Census Data Supports Inuit Need for More Housing, Better Health Care, Inuit Specific Programs.
Inuktitut Language Remains Strong.
OTTAWA - Tuesday January 21, 2003 - National Inuit leaders say today’s Aboriginal peoples census data supports the need for more social housing in Inuit communities, better health care services, and programs and policies designed specifically for Inuit.
In the figures released today by Statistics Canada, the Inuit population rose from 40,220 in 1996 to 45,070 in 2001. A housing crisis identified in a year 2001 report, based on the 1996 census, indicated a need for 8,800 new social housing units for the 53 Inuit communities in Canada.
With an increase of 12.1% in our population over five years, without a corresponding increase in social housing construction, it’s clear the housing crisis still exists. The ITK Housing Report identified the priority need for housing among elders, youth, and young families. The 2001 figures indicate an increase in the population of Inuit elders, while Inuit youth under 14 make up 38% of the population.
“The Government of Canada has a fiduciary obligation to provide social housing in Inuit communities,” says Jose Kusugak, President of Inuit Tapiriit Kanatami. The increased Inuit population means an increase in the number of people per dwelling. There’s overcrowding in many homes, which affects the health of Inuit.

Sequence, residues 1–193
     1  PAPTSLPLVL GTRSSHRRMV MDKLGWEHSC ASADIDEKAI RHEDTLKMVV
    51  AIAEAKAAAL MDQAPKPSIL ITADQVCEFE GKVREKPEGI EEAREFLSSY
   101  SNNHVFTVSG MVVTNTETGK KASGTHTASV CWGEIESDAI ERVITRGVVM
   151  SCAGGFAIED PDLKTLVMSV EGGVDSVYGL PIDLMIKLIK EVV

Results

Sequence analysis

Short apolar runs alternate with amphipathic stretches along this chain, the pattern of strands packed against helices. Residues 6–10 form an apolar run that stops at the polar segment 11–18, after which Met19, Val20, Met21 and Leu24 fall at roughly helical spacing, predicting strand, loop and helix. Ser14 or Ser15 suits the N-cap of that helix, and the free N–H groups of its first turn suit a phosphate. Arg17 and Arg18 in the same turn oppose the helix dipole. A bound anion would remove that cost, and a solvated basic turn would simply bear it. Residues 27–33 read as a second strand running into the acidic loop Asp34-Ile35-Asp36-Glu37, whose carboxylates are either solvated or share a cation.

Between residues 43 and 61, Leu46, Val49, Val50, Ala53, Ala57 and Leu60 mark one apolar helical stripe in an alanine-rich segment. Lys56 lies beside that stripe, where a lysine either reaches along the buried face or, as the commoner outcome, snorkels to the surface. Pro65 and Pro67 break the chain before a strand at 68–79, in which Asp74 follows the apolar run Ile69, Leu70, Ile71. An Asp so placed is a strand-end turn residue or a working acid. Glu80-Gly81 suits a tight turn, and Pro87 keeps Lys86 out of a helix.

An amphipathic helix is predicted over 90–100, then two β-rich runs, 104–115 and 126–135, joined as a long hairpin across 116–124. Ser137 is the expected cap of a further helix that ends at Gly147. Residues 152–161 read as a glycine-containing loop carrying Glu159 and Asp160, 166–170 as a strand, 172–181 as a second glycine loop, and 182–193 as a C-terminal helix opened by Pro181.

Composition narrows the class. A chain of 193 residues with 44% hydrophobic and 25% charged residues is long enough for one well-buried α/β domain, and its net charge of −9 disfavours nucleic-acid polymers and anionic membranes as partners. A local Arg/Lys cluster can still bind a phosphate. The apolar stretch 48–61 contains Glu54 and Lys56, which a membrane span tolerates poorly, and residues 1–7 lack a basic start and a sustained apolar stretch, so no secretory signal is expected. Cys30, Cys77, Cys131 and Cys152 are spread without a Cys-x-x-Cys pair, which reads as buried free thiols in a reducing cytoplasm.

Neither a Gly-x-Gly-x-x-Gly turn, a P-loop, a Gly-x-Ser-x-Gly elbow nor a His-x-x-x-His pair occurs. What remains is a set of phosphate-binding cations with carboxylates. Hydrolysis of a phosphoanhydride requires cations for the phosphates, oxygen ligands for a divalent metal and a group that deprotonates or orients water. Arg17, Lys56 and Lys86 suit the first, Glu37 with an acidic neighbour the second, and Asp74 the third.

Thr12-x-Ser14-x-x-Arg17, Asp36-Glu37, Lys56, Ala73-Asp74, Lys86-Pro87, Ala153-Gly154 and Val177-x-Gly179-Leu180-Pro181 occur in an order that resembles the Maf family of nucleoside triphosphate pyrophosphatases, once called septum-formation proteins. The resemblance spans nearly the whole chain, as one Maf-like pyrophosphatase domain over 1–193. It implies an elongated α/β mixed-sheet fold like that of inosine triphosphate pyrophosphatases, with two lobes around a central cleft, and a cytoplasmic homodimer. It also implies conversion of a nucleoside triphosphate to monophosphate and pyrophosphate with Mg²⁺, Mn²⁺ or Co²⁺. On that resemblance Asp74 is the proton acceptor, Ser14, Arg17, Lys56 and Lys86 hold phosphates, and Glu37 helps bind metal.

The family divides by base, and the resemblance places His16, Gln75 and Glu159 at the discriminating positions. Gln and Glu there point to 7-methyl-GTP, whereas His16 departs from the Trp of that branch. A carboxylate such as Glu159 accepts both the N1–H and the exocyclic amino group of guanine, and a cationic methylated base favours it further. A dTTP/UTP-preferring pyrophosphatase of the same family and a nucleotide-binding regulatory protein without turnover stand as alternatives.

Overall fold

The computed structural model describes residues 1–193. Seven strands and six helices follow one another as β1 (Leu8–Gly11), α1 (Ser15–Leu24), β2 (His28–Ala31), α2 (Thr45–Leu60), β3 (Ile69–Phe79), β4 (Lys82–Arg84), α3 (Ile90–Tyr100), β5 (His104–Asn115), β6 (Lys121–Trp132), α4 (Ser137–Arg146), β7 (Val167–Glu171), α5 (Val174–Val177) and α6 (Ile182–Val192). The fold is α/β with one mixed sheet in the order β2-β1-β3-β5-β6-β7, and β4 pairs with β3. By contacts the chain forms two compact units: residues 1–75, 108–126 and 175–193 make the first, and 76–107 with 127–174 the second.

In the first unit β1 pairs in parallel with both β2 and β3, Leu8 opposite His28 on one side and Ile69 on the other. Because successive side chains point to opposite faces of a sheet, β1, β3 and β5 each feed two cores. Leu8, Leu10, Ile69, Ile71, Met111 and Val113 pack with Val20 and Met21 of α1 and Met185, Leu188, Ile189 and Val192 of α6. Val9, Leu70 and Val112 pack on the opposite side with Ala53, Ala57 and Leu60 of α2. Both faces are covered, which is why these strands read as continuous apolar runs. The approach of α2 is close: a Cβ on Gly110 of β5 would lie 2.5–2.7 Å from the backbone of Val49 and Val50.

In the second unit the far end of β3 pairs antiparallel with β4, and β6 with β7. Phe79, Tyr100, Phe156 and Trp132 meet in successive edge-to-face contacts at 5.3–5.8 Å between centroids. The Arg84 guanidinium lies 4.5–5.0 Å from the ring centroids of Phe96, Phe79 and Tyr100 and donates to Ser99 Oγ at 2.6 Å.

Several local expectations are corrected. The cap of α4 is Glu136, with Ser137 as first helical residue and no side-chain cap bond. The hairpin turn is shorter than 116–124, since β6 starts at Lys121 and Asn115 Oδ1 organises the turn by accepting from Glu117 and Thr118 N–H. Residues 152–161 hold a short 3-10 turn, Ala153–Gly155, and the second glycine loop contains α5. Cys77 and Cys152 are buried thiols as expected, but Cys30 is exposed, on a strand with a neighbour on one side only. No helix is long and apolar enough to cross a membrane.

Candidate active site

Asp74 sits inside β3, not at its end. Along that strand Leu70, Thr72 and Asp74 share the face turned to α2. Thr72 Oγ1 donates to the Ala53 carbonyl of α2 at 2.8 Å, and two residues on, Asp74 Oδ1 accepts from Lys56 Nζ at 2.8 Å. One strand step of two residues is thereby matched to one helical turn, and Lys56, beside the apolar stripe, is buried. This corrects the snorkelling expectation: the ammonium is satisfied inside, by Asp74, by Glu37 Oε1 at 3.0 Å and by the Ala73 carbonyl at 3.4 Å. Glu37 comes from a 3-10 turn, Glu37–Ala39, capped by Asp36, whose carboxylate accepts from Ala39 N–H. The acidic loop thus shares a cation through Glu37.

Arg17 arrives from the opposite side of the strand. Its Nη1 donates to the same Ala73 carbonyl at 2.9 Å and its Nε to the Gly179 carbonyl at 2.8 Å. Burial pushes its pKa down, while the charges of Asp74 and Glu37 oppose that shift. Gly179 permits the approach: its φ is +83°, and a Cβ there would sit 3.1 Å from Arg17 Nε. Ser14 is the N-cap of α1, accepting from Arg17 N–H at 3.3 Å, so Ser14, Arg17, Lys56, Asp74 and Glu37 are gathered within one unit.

Youth figure prominently in today’s statistics. Across the Arctic youth make up 57% of the Inuit population, and have high rates of unemployment. The median age in Arctic communities is 20 years old, compared to the national average of 37. It means half the Inuit population is less than 20 years old.
There has been a significant increase in the population over 65, from 1,015 in 1996 to 1,405 in 2001. This impacts the need for increased health services such as home care, elder’s facilities, and support services for elders in communities. An increase in chronic diseases can be expected as the population ages.
“In our recent response to the Speech from the Throne we indicated that in terms of health and welfare Inuit are at the extreme negative ends of society,” says Jose Kusugak.” Today’s figures back up our statements, and also allows the federal government to distinguish the needs of the Inuit population of Canada, so that when we request Inuit specific policies and programs we have accurate statistics based on scientific analysis.
Aboriginal languages also figured strongly in today’s release. Statistics Canada is reporting that relative to other Aboriginal languages Inuktitut remains strong. “This is a bright spot in the data, despite a slight decline (less than 3%) in language ability since 1996. It demonstrates the strength of Inuktitut as mother tongue, specifically in the 0-14 age group,” says Jose Kusugak.
Mr. Kusugak also noted the high participation rate of the Inuit in the 2001 Census, adding that he eagerly awaits the results of the Aboriginal People’s Survey (APS), scheduled for release in September of this year. The APS contains 146 questions, and was conducted at the same time as the 2001 Census. It is a collaborative effort between Statistics Canada, Laval University, Inuit Tapiriit Kanatami, the Labrador Inuit Association, Makivik Corporation, Nunavut Tunngavik Incorporated, and the Inuvialuit Regional Corporation.
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Inuit Tapiriit Kanatami